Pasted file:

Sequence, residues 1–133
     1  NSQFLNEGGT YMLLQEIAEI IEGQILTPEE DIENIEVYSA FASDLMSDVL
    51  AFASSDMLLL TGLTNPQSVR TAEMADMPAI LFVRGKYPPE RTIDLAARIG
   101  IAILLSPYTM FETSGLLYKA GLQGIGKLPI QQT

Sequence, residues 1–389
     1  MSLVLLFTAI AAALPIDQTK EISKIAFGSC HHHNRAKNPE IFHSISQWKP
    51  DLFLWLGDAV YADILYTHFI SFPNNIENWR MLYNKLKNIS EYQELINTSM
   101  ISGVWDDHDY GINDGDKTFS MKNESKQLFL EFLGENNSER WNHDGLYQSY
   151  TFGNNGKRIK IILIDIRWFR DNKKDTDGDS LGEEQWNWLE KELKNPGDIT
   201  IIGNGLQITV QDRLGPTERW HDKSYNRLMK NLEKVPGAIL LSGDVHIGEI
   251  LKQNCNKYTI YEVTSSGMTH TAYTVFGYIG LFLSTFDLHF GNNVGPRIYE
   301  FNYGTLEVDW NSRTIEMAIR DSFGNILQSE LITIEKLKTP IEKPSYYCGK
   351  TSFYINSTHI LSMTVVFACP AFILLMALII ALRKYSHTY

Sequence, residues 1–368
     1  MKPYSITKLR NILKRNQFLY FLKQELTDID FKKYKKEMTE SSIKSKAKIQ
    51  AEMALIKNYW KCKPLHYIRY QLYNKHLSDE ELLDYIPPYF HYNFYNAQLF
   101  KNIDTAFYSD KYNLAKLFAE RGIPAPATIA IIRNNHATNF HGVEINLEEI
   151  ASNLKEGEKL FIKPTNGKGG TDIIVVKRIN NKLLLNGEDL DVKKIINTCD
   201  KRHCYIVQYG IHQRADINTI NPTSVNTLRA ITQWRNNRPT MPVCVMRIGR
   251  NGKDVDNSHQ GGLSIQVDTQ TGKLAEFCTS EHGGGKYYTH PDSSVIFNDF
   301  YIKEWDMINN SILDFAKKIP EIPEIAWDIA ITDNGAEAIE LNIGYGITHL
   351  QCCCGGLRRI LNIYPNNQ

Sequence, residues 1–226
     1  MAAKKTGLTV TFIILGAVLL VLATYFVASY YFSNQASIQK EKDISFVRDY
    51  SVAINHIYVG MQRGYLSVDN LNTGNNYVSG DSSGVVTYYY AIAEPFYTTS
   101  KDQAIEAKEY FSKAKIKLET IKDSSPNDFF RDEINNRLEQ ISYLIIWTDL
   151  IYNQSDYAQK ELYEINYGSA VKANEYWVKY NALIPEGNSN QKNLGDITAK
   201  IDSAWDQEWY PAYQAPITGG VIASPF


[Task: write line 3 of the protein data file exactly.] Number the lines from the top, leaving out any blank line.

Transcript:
    51  AFASSDMLLL TGLTNPQSVR TAEMADMPAI LFVRGKYPPE RTIDLAARIG